I don't "share" the "bad" MP3s or anything, they are for my private use on mobile players or wherever I can't use OGG out of some other reason. Wherever I can, I only use OGG.

The MP3s are just cheap copies (I don't even keep them! I usually create them when I want them on my player and delete them if I replace them --- I have no IPOD and may player has only 256 MB storage for MP3s).

And trust me, I bet $1000 that you won't be able to tell the difference between

CD -> MP3 192 kbit/s
CD -> Ogg q6 -> MP3 192 kbit/s

No way!

I know losy to losy is bad, but some pictures where also stored as JPG multiple times and you still can barely see any artifacts. Same with audio. You can re-compress a MP3 to MP3 three to four times without having crap as result (of course only if the bitrate is high enough; 128 to 128 is already very bad). And OGG takes much "less" away of the music than MP3 does and since OGG adds different kind of artifacts than MP3, they don't sum up as in MP3 to MP3 re-encoding.

However, I would always choose LAME VBR (e.g. lame --preset standard) for re-encoding, as it preserves most quality.

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Authored by: midtoad on Jul 11, '05 08:17:04PM

the point might be that iTunes is very slow in adding .ogg files to its library, and it skips a lot when playing .ogg files if you are doing anything else at the same time (at least for my case, with the .ogg files on a remote PC on my home network; YMMV).

As for transcoding crapping out the quality, that's certainly the accepted view. But at least one individual's report suggests that he couldn't tell the difference, even with a double-blind test.

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a plugin to play oggs in iTunes
Authored by: alys on Aug 09, '04 11:19:08PM
This hint tells you how to install a plugin that allows iTunes to play ogg files. If you're thinking of converting oggs to mp3s solely so that you can play them in iTunes, then using the plugin is a much better option. Ogg files will be smaller for the same quality (or better quality for the same size) than mp3 files.

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a plugin to play oggs in iTunes
Authored by: midtoad on Jul 11, '05 08:13:30PM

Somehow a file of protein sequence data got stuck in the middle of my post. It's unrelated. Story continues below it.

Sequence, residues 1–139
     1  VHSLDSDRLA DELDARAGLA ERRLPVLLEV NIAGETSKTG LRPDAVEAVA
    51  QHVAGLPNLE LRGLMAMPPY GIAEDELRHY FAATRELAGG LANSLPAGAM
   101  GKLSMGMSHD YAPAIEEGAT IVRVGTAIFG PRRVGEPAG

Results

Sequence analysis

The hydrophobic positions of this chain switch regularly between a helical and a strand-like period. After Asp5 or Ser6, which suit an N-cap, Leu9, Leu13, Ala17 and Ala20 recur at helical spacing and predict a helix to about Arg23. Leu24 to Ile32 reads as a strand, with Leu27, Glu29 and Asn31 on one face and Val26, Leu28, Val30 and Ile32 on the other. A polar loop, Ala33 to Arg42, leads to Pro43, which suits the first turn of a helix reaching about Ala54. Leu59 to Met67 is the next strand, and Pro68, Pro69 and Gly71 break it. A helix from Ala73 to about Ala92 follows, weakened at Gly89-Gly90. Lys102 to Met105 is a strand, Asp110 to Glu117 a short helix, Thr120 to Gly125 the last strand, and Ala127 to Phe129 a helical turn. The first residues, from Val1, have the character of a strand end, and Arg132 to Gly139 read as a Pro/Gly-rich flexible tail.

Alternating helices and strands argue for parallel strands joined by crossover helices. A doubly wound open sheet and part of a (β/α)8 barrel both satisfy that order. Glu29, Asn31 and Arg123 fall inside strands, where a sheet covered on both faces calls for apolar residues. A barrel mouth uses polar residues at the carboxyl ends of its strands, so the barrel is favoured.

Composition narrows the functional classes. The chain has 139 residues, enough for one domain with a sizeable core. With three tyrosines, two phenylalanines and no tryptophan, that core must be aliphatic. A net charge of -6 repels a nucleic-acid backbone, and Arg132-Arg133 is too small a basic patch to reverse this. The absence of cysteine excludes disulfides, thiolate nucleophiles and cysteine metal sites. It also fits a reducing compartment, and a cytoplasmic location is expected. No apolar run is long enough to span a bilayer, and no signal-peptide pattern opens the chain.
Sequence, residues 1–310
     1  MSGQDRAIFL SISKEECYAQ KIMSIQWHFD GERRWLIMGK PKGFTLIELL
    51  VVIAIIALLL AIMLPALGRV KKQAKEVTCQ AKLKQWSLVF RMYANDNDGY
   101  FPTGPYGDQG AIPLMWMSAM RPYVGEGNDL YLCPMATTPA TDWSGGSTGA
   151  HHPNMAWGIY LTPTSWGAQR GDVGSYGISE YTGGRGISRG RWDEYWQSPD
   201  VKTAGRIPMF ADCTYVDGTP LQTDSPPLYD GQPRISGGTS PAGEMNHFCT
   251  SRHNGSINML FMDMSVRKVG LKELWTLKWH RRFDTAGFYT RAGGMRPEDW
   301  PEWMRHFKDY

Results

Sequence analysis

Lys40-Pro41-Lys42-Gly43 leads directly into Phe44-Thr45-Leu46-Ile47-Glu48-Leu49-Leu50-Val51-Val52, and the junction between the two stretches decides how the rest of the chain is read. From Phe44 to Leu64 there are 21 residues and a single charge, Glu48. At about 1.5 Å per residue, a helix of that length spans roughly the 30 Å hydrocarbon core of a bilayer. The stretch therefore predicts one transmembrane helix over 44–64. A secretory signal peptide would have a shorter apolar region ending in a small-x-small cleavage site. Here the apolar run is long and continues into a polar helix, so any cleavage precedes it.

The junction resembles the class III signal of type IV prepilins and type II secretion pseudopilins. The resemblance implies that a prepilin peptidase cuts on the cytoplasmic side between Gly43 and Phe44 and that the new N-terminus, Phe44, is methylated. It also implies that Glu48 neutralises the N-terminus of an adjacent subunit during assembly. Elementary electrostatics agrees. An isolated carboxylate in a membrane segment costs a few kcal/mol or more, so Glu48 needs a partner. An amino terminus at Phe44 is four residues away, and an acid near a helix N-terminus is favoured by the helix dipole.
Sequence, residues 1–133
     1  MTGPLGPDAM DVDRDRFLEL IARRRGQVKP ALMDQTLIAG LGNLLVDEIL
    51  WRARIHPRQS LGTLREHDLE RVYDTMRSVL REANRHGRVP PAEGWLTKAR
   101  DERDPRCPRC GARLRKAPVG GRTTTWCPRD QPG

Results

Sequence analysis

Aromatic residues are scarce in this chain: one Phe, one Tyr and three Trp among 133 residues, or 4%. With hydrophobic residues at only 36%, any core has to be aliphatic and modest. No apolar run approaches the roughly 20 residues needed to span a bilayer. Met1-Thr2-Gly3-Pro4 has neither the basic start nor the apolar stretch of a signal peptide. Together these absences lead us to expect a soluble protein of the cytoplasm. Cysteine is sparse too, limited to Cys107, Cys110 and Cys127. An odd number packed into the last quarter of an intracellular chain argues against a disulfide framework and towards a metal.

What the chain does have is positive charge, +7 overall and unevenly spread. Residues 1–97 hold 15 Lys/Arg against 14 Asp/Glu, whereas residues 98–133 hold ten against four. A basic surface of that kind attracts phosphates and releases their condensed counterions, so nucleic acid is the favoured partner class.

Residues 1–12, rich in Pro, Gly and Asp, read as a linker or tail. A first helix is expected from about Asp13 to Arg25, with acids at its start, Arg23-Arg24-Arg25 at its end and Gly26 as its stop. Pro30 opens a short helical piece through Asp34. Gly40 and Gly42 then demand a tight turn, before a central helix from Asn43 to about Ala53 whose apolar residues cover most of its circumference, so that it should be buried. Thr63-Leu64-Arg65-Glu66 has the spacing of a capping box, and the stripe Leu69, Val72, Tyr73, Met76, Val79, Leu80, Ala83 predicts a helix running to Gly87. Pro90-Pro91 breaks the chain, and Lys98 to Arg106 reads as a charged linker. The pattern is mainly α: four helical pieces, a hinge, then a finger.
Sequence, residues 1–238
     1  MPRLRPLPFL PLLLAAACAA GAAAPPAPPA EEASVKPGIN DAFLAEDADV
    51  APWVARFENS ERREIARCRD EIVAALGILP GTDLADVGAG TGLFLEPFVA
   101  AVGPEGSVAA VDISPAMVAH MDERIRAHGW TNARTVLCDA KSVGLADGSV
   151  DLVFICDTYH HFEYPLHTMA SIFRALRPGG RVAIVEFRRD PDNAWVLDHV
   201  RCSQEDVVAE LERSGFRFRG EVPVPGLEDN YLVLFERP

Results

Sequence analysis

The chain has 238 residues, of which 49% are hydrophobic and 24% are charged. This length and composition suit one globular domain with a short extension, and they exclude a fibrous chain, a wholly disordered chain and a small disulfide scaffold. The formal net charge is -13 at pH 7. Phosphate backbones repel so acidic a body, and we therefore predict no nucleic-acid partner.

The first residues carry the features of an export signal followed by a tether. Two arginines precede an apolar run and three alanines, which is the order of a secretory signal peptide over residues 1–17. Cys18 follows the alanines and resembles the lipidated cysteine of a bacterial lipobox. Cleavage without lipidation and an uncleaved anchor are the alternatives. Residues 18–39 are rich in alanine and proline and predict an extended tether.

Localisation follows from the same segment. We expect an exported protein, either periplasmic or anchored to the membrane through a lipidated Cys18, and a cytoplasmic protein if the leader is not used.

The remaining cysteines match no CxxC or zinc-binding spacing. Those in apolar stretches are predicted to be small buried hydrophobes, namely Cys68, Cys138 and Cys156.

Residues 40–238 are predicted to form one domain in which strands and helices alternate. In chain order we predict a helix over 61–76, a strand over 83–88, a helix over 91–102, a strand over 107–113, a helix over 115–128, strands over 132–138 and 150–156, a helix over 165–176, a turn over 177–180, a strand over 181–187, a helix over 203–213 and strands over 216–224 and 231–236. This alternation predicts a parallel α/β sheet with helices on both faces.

Sure, ogg files are smaller than mp3 files. But iTunes is *very* slow to add .ogg files into its library. Trust me, I just imported 26000 songs, of which half were .oggs. It took at least 8 hours, IIRC (with my library on a USB drive connected to a Windows PC on the home network).

It would probably be faster to convert my entire collection to .mp3 and then add those to the library!

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A command line ogg to mp3 converter
Authored by: midtoad on Jul 18, '05 02:22:19AM

Would it be possible to modify the flac-to-mp3 script so that after the ogg files are converted to mp3, the ogg comments are converted to mp3 ID3 tags, and finally the original ogg file is deleted?

Has anyone done that, and would like to share their script?


Calgary, Alberta
Mac Mini

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A command line ogg to mp3 converter
Authored by: daveola on Feb 13, '06 08:21:40PM
There's a command line script (written in perl, which OSX comes with) that does exactly this at


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A command line ogg to mp3 converter
Authored by: daveola on Feb 13, '06 08:23:50PM
There's a command line script (written in perl, which OSX comes with) that does exactly this (including copying tags) at


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A command line ogg to mp3 converter
Authored by: reformist on Jan 27, '07 01:30:09AM

I just realized this, but ID3 has the limitation of only allowing 30 characters per field. I have tons of song titles over that length, and the marginalhacks script (or any script for that matter) truncates the title.


I'm trying to convert away from ogg to mp3 or some popular format, because ogg is not well supported by hardware or itunes.

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A command line ogg to mp3 converter
Authored by: blentz on Feb 15, '10 07:27:11PM

I had filenames with spaces and I wanted to process a directory tree recursively, so I ended up doing something like this (note that I'm using "-d wav" not "-d raw")

$ find Desktop/Music/ -type f -name "*.ogg" -exec echo ogg123 -d wav -f - \"{}\" \| lame -h -m s -b 192 - \"{}.mp3\" \; | bash

The ogg123 and lame tools and associated libraries were available in fink.

$ fink install libao2 libogg libvorbis vorbis-tools lame